The Abbey of El Sacromonte was founded in the 17th century. Under the church there are the catacombs where St. Cecilio, the first bishop and actual Patron of Granada, suffered martyrdom. The monument was designed by Juan de Maeda and finished in 1567. The front façade, by Pedro de Orea, is a magnificent example of the Renaissance period in Andalusia at the end of the 16th century.
Founded: 16th century | Location: Granada, Spain

Granada Charterhouse

Granada Charterhouse  is one of the finest examples of Spanish Baroque architecture. The charterhouse was founded in 1506; construction started ten years later, and continued for the following 300 years. While the exterior is a tame ember in comparison, the interior of the monastery"s is a flamboyant explosion of ornamentation. Its complex echoing geometric surfaces make of it one of the masterpieces of Churrigueres ...
Founded: 1506 | Location: Granada, Spain

Alcázar Genil

The Alcázar Genil is a Muslim-era palace in the city of Granada. It was originally called al-Qasr al-Sayyid ('the palace of the lord') and is located beside the River Genil outside the Alhambra"s walls. Today, only a pavilion of the palace is preserved. It was built in 1218 or 1219 by Sayyid Ishaq, a member of the Almohad dynasty. In 1237, Muhammad I of the Nasrid dynasty took over Granada and the dynasty ...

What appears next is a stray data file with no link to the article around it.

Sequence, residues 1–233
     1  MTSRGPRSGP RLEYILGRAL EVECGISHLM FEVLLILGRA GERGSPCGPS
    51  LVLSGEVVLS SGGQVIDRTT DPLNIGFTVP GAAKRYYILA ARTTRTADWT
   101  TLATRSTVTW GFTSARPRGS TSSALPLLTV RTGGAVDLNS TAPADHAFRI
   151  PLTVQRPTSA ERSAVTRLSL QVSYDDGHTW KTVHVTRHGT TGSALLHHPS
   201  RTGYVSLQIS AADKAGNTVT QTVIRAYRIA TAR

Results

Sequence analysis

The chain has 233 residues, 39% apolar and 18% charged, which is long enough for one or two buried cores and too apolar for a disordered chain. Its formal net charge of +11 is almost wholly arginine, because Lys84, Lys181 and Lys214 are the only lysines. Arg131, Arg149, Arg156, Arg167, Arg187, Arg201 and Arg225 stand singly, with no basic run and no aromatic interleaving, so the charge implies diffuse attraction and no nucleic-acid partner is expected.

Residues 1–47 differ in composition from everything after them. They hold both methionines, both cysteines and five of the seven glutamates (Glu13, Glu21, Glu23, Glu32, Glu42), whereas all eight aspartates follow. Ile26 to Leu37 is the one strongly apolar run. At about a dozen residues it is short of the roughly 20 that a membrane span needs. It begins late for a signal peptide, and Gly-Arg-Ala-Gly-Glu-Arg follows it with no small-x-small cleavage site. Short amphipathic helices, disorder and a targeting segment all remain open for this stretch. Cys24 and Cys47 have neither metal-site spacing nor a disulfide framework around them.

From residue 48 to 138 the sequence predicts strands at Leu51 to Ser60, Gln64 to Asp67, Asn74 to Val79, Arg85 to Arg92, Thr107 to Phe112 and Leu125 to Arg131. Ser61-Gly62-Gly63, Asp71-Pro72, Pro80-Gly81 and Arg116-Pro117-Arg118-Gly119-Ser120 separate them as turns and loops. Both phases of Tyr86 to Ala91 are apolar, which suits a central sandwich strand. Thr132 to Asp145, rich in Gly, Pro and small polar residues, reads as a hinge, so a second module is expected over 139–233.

Founded: 1218 | Location: Granada, Spain

Featured Historic Landmarks, Sites & Buildings

Historic Site of the week

Easter Aquhorthies Stone Circle

Easter Aquhorthies stone circle, located near Inverurie, is one of the best-preserved examples of a recumbent stone circle, and one of the few that still have their full complement of stones. It consists of a ring of nine stones, eight of which are grey granite and one red jasper. Two more grey granite stones flank a recumbent of red granite flecked with crystals and lines of quartz. The circle is particularly notable for its builders' use of polychromy in the stones, with the reddish ones situated on the SSW side and the grey ones opposite.

The placename Aquhorthies derives from a Scottish Gaelic word meaning 'field of prayer', and may indicate a 'long continuity of sanctity' between the Stone or Bronze Age circle builders and their much later Gaelic successors millennia later. The circle's surroundings were landscaped in the late 19th century, and it sits within a small fenced and walled enclosure. A stone dyke, known as a roundel, was built around the circle some time between 1847 and 1866–7.